Figure 2: Comparison of clear sky observations to World Atlas values.
Figure 2

Radiances are plotted in “natural sky units”. Circles indicate the 28th percentile brightness at each site, and crosses show the median radiance for sites with SYNOP data. Observations that perfectly matched the prediction would lie on the dashed line.

Relationship between overcast and clear sky radiance

Based on median midnight sky radiance, overcast skies were brighter than clear skies (Fig. 3, Table S3) at nearly all locations. The variation in skyglow radiance was larger on overcast nights than on clear nights at all sites (Table S5). In order to compare the radiance of clear and cloudy nights at sites lacking cloud coverage data, the 5th and 95th percentile of sky radiance observations for all locations were used (Fig. 4). Sites of similar character were again observed to cluster. The 5th percentile value is darker than the expected clear sky signal at a number of sites (NSU < 1), making it very likely that clouds darken the night sky at these sites.

Figure 3: Comparison of clear to overcast sky radiance.
Figure 3

The relationship between median midnight clear and overcast sky radiance is shown for locations at which cloud coverage data were available. A dashed 1:1 line is shown for reference. Points above the line are areas where clouds make the sky brighter, whereas below the line clouds make the sky darker.

Figure 4: Comparison of 5th to 95th percentile in sky brightness.
Figure 4

The extremes in sky radiance are shown for all sites at all periods of astronomical night. A dashed 1:1 line is shown for reference; points on this line would have zero variation in sky brightness under all weather conditions. Locations which have 5th percentile values below 1 NSU likely indicate that the sky is darker when overcast.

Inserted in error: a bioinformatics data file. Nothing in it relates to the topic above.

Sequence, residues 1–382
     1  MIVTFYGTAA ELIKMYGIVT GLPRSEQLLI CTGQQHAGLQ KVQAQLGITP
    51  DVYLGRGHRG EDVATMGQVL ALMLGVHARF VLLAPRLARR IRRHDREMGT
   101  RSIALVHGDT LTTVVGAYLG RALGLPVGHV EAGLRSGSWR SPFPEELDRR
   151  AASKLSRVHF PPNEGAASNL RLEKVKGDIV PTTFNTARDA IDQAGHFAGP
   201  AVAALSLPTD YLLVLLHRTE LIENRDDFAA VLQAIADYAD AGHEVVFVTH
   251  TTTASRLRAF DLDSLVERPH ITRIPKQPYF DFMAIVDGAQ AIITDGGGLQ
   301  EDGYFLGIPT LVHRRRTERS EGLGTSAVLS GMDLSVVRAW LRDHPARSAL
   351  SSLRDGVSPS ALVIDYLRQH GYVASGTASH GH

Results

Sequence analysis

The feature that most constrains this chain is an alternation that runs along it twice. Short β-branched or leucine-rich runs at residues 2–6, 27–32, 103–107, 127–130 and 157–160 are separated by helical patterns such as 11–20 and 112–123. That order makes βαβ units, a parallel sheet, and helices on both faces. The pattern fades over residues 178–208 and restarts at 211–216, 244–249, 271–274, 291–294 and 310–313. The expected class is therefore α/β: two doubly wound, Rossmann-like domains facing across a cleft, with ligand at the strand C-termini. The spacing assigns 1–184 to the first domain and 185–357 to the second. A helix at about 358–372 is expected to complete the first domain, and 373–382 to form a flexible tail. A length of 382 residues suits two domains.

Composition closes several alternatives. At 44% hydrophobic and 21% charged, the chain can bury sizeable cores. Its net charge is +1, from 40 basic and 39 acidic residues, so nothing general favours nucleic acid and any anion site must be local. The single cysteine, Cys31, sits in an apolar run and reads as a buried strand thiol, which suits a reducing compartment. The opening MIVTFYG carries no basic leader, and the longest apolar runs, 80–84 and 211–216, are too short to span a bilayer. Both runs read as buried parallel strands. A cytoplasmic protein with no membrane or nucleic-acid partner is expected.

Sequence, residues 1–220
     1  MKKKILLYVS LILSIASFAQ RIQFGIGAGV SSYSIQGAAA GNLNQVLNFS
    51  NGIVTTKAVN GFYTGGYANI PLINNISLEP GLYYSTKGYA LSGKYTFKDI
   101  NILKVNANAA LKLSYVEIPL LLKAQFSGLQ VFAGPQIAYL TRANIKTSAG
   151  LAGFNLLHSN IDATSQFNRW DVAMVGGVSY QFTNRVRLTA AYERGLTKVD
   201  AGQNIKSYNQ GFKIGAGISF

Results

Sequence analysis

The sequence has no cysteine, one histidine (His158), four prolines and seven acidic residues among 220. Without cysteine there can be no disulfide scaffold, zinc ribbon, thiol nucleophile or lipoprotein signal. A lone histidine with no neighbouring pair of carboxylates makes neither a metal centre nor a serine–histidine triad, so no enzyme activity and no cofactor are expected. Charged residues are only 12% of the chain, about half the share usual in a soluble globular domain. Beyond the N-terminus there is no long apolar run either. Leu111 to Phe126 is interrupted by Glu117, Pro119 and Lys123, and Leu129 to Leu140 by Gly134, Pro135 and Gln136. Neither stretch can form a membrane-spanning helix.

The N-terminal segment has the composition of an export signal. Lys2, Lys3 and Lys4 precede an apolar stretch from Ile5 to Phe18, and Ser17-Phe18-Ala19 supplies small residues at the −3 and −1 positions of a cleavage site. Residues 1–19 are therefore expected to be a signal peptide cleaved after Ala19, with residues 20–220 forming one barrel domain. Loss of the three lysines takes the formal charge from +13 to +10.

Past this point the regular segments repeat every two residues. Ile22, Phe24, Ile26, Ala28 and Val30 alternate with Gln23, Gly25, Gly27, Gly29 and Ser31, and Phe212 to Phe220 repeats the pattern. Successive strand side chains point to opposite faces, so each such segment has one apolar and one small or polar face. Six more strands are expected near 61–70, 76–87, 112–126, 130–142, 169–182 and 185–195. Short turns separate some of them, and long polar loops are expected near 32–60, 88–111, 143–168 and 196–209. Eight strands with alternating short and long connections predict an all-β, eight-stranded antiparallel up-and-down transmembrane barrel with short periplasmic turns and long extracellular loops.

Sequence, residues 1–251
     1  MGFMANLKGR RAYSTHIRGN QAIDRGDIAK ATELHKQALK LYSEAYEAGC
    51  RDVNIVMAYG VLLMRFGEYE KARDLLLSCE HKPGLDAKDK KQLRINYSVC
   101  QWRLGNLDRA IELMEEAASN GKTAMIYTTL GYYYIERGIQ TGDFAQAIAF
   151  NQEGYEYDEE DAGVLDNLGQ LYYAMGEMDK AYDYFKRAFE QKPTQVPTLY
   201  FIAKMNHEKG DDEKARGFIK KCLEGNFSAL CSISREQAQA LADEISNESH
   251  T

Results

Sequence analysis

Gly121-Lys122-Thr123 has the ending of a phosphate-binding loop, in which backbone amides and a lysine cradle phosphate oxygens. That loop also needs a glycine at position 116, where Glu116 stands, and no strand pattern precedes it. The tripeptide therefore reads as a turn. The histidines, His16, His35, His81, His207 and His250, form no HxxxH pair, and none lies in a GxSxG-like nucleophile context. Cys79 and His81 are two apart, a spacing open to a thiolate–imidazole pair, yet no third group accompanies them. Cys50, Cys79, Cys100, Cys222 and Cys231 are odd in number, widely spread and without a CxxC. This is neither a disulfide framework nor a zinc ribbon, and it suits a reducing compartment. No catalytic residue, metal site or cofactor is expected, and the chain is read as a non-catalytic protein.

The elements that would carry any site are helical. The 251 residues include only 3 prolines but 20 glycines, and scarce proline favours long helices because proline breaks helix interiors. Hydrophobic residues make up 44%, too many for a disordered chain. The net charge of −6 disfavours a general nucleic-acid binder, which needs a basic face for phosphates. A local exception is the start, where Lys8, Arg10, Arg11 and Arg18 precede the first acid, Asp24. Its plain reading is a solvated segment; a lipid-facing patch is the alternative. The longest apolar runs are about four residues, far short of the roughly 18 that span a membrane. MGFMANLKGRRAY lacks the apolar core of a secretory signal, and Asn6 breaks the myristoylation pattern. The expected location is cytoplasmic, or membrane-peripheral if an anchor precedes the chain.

The “brightening factor” (ratio of overcast to clear sky radiance) was calculated for each site, and tended to increase along a rural → urban gradient of increasing clear sky radiance (Table S3). There was a relationship between overcast and clear sky radiance, but it was not of the form o = ack (where o and c represent overcast and clear sky radiance). Instead, the relationship appears to be curved, with an inflection around 2–4 times the natural night sky brightness. The sites below this point are all rural or pristine. This suggests that the change in the relationship may be related to a transition from sites for which the lights from a distant city could be approximated as originating from a point source, to sites located nearer or within city limits.

Kocifaj and Solano Lamphar42 recently performed radiative transfer simulations to examine the relationship between the cloud brightening factor for irradiance and distance from a city center. They predicted that brightening factors increase rapidly as cities are approached, but are likely to decrease as the city boundary is crossed. In contrast, the largest brightening factors observed in the dataset were found near the centers of Plymouth, UK (17.6) and Berlin, Germany (16.2). While the differences in experimental design prevent a direct comparison, it is notable that an inflection occurs at the city boundary in both the observational and simulated data. These data allow a connection between theoretical and observational studies on large spatial scales for the first time, and future cooperation between experimentalists and theorists will allow rigorous testing of skyglow models.

Temporal change in sky radiance

In general, areas with little artificial skyglow tend to have little variation therein over the course of the night (Fig. 5A). In contrast, at brighter locations there is usually a visible trend towards decreasing radiance as the night progresses (Fig. 5B). At sites dominated by artificial light (NSU > 2), the median decrease in the artificial component of skyglow was found to be about ~5% per hour, both before and after midnight (Fig. S9 and Fig. S10).

Figure 5: Contour plot showing observed sky brightness during moonless nights over the full data period.
Figure 5